Category Archives: ONIX

Resist Bad Data, Part 2: How to Filter Incomplete XHTML Entities and Encodings

So, as stated in the piece before, dealing with poorly formed XML is a necessary (though infuriating) part of the day for some people, including me. In that article, I described which regular expression to use (with Perl) in order to cleanse your files of such garbage. Which is fine, especially when you’re scripting…but these days, I’m fairly sure that the clear majority of systems are less about batch jobs and more are programming-oriented (distributed architectures, microservices, etc.). So, obviously, it’d be nice to have a solution that could be part of a platform with a more robust programming language.

So, how do we do it in Java? Easy enough. We can just make use of the same regular expression mentioned last time, since Java has a fairly straightforward approach that mimics other languages (like Perl):


java.nio.file.Path wiki_path = java.nio.file.Paths.get("C:/onix_test_data/test_files", "test_file_ONIX.xml");

java.nio.charset.Charset charset = java.nio.charset.Charset.forName("ISO-8859-1");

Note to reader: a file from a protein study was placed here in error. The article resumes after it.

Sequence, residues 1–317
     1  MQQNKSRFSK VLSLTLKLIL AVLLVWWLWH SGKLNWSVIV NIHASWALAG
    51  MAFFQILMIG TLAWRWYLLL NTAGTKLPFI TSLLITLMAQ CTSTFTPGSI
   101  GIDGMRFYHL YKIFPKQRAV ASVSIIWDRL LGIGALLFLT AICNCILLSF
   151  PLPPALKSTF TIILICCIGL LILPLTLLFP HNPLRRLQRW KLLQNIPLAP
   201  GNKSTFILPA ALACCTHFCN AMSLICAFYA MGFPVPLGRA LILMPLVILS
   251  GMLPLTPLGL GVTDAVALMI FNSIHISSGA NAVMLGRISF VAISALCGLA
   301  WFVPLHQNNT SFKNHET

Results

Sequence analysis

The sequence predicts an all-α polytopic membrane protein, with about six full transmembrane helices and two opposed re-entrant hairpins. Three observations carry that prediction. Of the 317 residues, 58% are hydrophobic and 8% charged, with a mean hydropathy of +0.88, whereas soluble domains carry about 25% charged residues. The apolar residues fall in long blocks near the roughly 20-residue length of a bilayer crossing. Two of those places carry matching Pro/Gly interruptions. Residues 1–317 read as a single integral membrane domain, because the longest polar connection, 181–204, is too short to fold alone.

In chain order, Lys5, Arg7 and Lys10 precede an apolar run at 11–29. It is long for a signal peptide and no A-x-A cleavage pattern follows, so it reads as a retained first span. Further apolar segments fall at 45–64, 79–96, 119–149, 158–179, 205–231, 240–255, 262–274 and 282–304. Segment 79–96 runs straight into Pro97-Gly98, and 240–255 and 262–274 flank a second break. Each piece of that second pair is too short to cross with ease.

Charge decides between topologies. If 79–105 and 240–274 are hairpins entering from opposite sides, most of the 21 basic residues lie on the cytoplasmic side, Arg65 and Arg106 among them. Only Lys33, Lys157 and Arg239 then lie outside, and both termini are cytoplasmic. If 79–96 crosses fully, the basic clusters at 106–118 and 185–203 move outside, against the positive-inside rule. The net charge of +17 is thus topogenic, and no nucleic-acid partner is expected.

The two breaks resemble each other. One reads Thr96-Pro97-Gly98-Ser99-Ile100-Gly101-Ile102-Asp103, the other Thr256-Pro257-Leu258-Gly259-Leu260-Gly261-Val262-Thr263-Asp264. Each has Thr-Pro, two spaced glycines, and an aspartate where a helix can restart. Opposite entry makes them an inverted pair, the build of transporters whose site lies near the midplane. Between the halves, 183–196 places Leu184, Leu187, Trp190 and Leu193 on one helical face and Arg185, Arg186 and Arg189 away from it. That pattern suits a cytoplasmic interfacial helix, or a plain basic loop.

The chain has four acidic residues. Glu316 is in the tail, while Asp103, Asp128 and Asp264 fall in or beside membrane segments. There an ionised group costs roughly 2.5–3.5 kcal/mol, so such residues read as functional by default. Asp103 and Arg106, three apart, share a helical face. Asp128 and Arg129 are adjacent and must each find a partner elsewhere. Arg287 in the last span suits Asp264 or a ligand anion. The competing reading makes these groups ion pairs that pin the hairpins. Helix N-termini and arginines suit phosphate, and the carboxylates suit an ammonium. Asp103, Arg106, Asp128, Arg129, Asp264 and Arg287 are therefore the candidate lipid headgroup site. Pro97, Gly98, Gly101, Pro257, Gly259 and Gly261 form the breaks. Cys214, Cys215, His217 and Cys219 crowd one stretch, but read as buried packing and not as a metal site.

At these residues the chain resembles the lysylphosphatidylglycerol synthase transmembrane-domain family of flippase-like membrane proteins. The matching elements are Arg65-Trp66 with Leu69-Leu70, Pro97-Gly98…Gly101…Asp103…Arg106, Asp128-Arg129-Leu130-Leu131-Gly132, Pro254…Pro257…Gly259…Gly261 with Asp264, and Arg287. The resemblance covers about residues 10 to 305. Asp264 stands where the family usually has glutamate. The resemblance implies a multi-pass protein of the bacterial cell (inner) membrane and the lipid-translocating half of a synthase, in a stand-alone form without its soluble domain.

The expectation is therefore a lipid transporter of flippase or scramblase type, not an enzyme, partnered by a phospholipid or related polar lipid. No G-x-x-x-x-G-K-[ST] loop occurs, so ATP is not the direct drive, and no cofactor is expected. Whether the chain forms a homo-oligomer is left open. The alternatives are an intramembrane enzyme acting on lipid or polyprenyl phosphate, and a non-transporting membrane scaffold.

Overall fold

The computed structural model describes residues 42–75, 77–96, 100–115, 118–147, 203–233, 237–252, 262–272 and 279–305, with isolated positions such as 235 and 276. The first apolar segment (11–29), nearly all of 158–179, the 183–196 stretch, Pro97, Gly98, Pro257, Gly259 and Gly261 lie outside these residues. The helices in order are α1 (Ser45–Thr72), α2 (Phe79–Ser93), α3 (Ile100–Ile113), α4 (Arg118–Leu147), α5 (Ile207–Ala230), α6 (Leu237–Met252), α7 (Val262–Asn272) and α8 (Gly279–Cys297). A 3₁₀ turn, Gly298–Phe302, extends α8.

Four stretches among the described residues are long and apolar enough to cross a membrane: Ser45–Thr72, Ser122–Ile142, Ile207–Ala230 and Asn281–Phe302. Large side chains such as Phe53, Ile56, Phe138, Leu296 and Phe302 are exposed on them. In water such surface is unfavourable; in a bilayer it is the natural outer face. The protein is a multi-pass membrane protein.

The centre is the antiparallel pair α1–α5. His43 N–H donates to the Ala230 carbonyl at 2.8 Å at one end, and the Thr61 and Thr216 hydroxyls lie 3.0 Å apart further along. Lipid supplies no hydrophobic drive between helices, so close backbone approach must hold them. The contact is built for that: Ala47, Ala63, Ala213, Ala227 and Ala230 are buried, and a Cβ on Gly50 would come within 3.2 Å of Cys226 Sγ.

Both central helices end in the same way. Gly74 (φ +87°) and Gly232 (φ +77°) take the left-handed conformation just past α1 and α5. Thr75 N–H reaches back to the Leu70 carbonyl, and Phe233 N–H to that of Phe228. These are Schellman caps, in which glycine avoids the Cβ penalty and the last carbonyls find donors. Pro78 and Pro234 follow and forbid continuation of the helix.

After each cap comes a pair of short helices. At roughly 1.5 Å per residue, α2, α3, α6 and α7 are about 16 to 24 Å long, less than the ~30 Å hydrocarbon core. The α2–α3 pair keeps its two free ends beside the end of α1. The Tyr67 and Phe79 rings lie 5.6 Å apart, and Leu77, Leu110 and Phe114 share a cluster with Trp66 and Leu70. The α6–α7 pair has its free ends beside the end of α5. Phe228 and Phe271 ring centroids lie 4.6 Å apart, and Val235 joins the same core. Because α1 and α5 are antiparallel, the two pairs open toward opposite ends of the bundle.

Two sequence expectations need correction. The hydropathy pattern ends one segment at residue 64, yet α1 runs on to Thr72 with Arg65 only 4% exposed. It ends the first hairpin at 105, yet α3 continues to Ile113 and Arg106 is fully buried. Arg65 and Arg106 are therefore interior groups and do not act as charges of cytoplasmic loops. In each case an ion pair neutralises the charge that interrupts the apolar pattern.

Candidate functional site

try {

StringBuilder FileContents = new StringBuilder();

List lines = java.nio.file.Files.readAllLines(wiki_path, charset);

for (String line : lines) {
     FileContents.append(line + "\n");

String sAllFileContents = FileContents.toString();

String sUpdatedFileContents = sAllFileContents.replaceAll("(&#?x?[A-Za-z0-9]+;)|&#\\d*", "$1");

try( out = new "C:/onix_test_data/output/test_file_ONIX.filtered.xml" ) ) {
     out.println( sUpdatedFileContents );
} catch (IOException e) {


And what about C#? Well, as I’ve pointed out again and again, the .NET platform isn’t exactly a source of inspiration when it comes to handling XML. And, of course, it has to be different when it comes to everything, including regular expressions. So, as my personal recommendation, I would make use of regular expressions for pattern matching and make use of the callbacks for actual filtering:


var sAlteredOutput = Regex.Replace(sOnixTestXml, @"&#?x?[A-Za-z0-9]*;?", FilterMatcher, RegexOptions.Singleline);


static public string FilterMatcher(Match m)

string sResult = "";

    if (m.Value == "&#")
        sResult = "";
    else if (m.Value.StartsWith("&#") && (m.Value.Length > 2))
        int nEncodingVal = 0;
        string sInsideEncoding = m.Value.Substring(2);

        if (m.Value.EndsWith(";"))
            sResult = m.Value;
        else if (!Int32.TryParse(sInsideEncoding, out nEncodingVal))
            int nIdx;
            for (nIdx = 0; nIdx < sInsideEncoding.ToCharArray().Length; ++nIdx)
                char cTemp = sInsideEncoding.ToCharArray()[nIdx];

                if (!(cTemp == 'x') && !Char.IsDigit(cTemp)) break;

            if (nIdx == sInsideEncoding.ToCharArray().Length)